Assessment for Learning


Assessment for Learning

In classrooms where assessment for learning is practised, students know at the outset of a unit of study what they are expected to learn. At the beginning of the unit, the teacher will work with the student to understand what she or he already knows about the topic as well as to identify any gaps or misconceptions (initial/diagnostic assessment). As the unit progresses, the teacher and student work together to assess the student’s knowledge, what she or he needs to learn to improve and extend this knowledge, and how the student can best get to that point (formative assessment). Assessment for learning occurs at all stages of the learning process.

Researchers whose work has informed much of this assessment reform include Ken O’Connor, Grant Wiggins [http://www.ltag.education.tas.gov.au] , Jay McTighe [http://www.ltag.education.tas.gov.au] , Richard Stiggins [http://www.assessmentinst.com/staff_rick] , Paul Black and Dylan Wiliam, Thomas Guskey, and Damian Cooper [http://www.damiancooperassessment.com] .

Historical Perspective

The notion of assessment informing instruction is relatively recent in education. In past decades, teachers would design a unit of study that would typically include objectives, teaching strategies, and resources. An evaluation component—the test or examination—may or may not have been included as part of this design (Cooper, 2006). The student’s mark on this test or exam was taken as the indicator of his or her understanding of the topic.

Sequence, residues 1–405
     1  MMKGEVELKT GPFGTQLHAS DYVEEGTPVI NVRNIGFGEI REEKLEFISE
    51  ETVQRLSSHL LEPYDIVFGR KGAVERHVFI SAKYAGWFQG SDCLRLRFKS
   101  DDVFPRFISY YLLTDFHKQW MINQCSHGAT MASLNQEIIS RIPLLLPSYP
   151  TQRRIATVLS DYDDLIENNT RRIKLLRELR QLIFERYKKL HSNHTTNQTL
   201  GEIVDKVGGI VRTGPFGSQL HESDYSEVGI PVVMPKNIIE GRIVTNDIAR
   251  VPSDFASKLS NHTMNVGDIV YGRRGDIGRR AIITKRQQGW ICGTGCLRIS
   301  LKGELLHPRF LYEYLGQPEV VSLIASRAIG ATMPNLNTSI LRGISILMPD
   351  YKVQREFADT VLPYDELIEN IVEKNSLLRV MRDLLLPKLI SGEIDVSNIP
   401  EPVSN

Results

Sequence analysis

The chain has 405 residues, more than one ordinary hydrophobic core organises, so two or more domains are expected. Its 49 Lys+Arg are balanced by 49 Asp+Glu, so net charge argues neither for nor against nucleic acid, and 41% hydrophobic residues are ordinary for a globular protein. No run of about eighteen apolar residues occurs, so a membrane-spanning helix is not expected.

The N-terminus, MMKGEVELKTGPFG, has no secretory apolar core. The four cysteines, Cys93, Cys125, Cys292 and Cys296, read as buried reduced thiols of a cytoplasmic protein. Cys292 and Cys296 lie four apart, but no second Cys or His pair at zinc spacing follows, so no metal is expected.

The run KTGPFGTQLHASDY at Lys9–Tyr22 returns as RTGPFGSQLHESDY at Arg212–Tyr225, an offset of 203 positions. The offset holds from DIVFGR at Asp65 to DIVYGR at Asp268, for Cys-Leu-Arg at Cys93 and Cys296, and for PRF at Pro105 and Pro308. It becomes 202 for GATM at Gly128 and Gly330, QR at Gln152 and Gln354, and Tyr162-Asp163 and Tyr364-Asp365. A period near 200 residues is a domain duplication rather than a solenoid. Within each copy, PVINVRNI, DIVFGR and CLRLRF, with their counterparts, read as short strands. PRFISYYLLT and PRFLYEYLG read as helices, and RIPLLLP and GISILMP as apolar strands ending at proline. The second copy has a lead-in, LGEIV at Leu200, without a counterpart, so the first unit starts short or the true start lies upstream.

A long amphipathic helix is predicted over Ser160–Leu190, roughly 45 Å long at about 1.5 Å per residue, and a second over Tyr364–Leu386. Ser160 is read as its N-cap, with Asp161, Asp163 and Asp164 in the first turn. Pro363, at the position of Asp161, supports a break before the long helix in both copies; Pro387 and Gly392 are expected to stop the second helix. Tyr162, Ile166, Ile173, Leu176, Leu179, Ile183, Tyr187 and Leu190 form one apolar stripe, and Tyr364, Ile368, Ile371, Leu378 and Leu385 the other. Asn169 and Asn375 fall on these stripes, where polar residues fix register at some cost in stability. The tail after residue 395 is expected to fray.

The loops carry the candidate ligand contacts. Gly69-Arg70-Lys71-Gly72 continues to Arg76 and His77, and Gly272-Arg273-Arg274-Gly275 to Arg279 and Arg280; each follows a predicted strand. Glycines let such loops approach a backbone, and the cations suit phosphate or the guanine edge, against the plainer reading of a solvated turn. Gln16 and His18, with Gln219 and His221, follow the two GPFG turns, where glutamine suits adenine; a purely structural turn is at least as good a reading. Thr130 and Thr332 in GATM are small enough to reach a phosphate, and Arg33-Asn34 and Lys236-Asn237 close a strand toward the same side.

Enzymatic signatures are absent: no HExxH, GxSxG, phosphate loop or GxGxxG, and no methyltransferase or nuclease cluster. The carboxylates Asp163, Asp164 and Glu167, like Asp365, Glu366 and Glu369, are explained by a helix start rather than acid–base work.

Definitions

There are a number of assessment terms that will appear in any discussion of assessment. Listed below are common interpretations of some of these terms:

Assessment
Assessment can include many meanings including those defined below. A working definition of assessment which is widely quoted is

"the term ‘assessment’ refers to all those activities undertakenby teachers, and by their students in assessing themselves, whichprovide information to be used as feedback to modify theteaching and learning activities in which they are engaged. [Black, P.J. & Wiliam, D. (1998) Inside the Black Box: Raising standardsthrough classroom assessment. King’s College, London.] " ] "

Assessment for learning

*comprises two phases—initial or diagnostic assessment and formative assessment
*assessment can be based on a variety of information sources (e.g., portfolios, works in progress, teacher observation, conversation)
*feedback to the student can be verbal or written
*used to inform instruction
*no grade or score given
*occurs throughout the learning process, from the outset of the course of study to the time of summative assessment

Assessment as learning
*student self-assesses learning and takes responsibility for moving his or her thinking forward (metacognition)
*occurs throughout the learning process

Assessment of learning
*assessment that is accompanied by a number or letter grade (summative)
*compares one student’s achievement with standards
*results can be communicated to the student and parents
*occurs at the end of the learning unit

Evaluation
*judgment made on the basis of a student’s performance

Diagnostic assessment
*assessment made to determine what a student does and does not know about a topic
*occurs at the beginning of a unit of study
*used to inform instruction:makes up the initial phase of assessment for learning

Formative assessment
*assessment made to determine a student’s knowledge and skills, including learning gaps as they progress through a unit of study
*used to inform instruction
*occurs during the course of a unit of study
*makes up the subsequent phase of assessment for learning

Summative assessment
*assessment that is made at the end of a unit of study to determine the level of understanding the student has achieved
*includes a mark or grade against an expected standard

Principles of Assessment for Learning